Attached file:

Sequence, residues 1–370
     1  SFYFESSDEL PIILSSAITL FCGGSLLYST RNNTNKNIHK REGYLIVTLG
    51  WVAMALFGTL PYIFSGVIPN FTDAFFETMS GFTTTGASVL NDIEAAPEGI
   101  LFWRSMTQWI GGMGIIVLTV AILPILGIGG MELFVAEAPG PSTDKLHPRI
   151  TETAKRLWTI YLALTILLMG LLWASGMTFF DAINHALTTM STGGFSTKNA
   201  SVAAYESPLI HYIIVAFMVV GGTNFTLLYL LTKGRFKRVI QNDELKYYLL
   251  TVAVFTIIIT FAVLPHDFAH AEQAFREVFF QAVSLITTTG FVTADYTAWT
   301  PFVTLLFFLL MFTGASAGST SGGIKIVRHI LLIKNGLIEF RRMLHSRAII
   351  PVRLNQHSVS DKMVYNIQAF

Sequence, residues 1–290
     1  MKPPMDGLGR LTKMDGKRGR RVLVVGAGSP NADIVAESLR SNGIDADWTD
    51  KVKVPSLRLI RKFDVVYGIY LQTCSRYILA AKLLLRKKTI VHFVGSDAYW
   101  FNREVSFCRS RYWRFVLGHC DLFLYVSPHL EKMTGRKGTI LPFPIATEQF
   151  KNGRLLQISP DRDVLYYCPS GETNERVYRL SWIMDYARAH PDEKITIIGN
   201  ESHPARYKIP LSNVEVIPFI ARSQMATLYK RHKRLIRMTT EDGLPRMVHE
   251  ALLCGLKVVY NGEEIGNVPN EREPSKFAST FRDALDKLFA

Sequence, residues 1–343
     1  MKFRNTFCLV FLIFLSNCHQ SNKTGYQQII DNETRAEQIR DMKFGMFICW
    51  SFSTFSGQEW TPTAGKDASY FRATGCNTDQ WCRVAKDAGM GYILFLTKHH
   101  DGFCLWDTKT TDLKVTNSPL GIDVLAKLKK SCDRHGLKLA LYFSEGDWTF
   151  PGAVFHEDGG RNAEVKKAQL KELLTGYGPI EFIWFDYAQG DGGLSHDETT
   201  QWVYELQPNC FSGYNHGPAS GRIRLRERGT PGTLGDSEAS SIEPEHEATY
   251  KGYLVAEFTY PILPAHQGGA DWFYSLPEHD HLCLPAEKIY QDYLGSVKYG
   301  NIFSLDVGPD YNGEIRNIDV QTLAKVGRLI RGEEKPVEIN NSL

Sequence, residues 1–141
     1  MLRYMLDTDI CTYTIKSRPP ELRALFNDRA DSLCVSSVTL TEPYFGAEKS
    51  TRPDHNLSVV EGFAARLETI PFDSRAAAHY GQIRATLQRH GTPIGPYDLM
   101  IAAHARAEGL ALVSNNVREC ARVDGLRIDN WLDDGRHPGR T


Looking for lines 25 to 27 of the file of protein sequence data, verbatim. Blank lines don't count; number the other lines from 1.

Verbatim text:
Sequence, residues 1–141
     1  MLRYMLDTDI CTYTIKSRPP ELRALFNDRA DSLCVSSVTL TEPYFGAEKS
    51  TRPDHNLSVV EGFAARLETI PFDSRAAAHY GQIRATLQRH GTPIGPYDLM